Chapter 12: Theories of Personality

Intro to Psychology

Psychodynamic Theories of Personality

  • Freud’s theories were psychodynamic: explanations of behavior and personality in terms of energy dynamics within the individual.
    • Today’s psychodynamic theories differ from Freudian theory, but emphasize unconscious processes and that adult personality stems from childhood experiences.
    • Freud’s theory:
      • Three major systems: id, ego, superego
        • id: primitive motives to obtain pleasure and avoid pain
        • ego: a referee between what instinct wants and what society demands
          • Slows down id’s desire for sex and aggression until a suitable / socially appropriate outlet can be found
        • superego: voice of conscience, learned sense of morality
          • Judges activities of the id
          • Partly conscious but largely unconscious
      • Healthy personality means keeping these three systems in balanced
    • Defense mechanisms according to Freud:
      • Repression
        • Like repressing a memory
      • Projection
        • Projecting your feelings on someone else
      • Displacement
        • Taking out your anger on someone / something
        • Sublimation: transforming “bad” urges into positive or productive activities
      • Regression
        • Reverting to a previous state of psychological development
      • Denial
        • Refusing to admit that something unpleasant is happening / they have a problem / they are feeling a forbidden emotion
    • Psychodynamic theories are lacking in multiple ways:
      • Impossible to confirm or disconfirm (violating principle of falsifiability)
      • They draw universal principals from the experiences of a few atypical patients
      • They base theories of personality development on the retrospective accounts of adults
    • Freud was not an impartial scientist, and ignored evidence disconfirming his ideas.
    • However, Freud welcomed women into the profession, recognized society’s suppression of female sexuality, and argued that homosexuality was nothing to be ashamed of.
    • Carl Jung argued that human beings share a vast collective unconscious, containing universal memories and stories, including symbols (archetypes).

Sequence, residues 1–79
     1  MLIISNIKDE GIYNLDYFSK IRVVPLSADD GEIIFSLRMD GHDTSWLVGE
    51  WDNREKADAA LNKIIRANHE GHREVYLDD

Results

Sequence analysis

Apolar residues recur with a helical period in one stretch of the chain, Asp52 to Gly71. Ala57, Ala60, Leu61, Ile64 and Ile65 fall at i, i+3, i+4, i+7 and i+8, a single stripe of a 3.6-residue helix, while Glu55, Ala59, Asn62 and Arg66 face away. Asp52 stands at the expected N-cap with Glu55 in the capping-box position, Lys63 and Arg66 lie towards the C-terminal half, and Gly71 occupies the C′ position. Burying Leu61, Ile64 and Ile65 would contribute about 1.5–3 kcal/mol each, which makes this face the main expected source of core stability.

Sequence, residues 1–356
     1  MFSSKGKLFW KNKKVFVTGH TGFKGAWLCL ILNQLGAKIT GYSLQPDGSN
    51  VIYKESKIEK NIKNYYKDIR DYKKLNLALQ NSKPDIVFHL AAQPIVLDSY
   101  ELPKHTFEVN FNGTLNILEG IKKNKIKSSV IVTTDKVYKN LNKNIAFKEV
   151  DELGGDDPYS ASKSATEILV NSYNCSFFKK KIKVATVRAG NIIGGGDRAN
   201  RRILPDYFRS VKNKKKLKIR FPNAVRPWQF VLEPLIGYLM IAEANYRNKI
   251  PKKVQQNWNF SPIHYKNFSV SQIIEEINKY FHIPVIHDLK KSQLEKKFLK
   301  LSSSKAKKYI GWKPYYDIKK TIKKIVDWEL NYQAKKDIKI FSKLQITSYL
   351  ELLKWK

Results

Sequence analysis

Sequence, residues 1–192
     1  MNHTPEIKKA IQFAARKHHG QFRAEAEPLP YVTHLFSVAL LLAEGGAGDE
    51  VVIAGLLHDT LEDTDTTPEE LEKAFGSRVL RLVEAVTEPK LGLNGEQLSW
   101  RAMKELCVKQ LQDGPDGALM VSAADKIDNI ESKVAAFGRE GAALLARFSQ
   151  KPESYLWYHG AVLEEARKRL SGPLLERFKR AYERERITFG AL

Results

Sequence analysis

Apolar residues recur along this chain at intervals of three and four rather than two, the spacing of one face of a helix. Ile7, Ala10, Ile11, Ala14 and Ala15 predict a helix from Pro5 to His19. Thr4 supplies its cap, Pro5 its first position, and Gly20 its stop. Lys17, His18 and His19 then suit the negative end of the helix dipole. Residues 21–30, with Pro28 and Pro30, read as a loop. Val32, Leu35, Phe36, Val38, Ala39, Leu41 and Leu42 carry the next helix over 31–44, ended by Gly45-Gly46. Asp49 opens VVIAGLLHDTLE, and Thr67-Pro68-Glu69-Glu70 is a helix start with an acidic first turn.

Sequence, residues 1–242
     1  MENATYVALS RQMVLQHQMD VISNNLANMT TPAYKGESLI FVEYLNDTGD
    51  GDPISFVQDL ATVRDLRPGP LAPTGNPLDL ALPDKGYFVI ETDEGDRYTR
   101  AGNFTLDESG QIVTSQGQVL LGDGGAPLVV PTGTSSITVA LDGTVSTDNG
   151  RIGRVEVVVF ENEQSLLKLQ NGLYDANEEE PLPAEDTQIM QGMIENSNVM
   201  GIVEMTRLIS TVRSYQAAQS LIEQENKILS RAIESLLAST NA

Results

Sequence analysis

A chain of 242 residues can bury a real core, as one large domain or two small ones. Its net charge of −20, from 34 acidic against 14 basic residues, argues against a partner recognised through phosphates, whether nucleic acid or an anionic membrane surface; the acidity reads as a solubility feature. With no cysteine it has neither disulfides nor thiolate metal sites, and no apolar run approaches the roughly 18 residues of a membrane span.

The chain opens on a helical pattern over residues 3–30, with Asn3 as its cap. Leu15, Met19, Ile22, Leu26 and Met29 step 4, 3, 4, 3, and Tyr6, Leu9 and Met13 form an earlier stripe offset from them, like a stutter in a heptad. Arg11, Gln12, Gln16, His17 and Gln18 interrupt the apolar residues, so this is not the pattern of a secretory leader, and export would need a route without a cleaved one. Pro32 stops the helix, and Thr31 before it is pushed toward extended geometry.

The Modern Study of Personality

  • Personality tests need validity (they measure what they’re supposed to) and reliability (consistency) to be scientific.
  • Myers-Briggs Type Indicator test does not have reliability, and its results don’t predict a person’s behavior on the job or in relationships.
  • Factor analysis: identifying clusters (for example, in personality traits).
  • Big Five (“robust factors” of personality):
    • Openness
    • Conscientiousness
    • Extraversion
    • Agreeableness
    • Neuroticism

Genetic Influences on Personality

  • Babies are born with a genetically influenced temperament (including reactivity and soothability).
  • Animals (even like octopi) have discernible personalities.

Environmental Influences on Personality

  • People can have a core set of stable traits but their behavior can vary across situations.
    • Reciprocal determinism: the two-way interaction between the environment and personality traits.
  • Nonshared environment: any unique and chance experiences that are not shared with other family members.
    • e.g. being in school play; being bullied
  • What parents do profoundly affects the quality of their relationship with their children (whether children feel loved, secure, valued, or humiliated, frightened, worthless).
  • However, parents have less influence on a child’s personality than one may assume.
    • Also, because of reciprocal determinism, children also affect parents.
  • Usually, peers’ views win out over parents’ views.

Cultural Influences on Personality

  • Cultural background influences who you are.
    • Individualist cultures: independence of the individual takes precedence over the needs of the group, and the self is defined as a collection of personality traits.
    • Collectivist cultures: group harmony takes precedence over the wishes of the individual, the self is defined in the context of relationships and the community.
  • Americans tend to value “being true to yourself” and having a “core identity”, while other cultures perceive their sense of self changing 90-99% depending on the situation.

The Inner Experience

  • Humanist psychology: a movement to replace psychoanalysis and behaviorism with an approach that emphasizes our uniquely human capacity to determine our own actions and futures.
  • Maslow thought that psychology ignored positive experiences of life.
  • Carl Rogers (clinician) said that we need unconditional positive regard (unconditional love and support for the people we are) to become fully functioning people.
    • Conditional positive regard: “I will love you if you behave well, and I won’t love you if you behave badly.”
      • Adults often treat each other like this.
  • Existentialism: philosophical approach that emphasizes the inevitable dilemmas and challenges of human existence.
    • European philosophy brought to America by Rollo May.
  • Humanist theories have not received much attention from laypeople in society at large.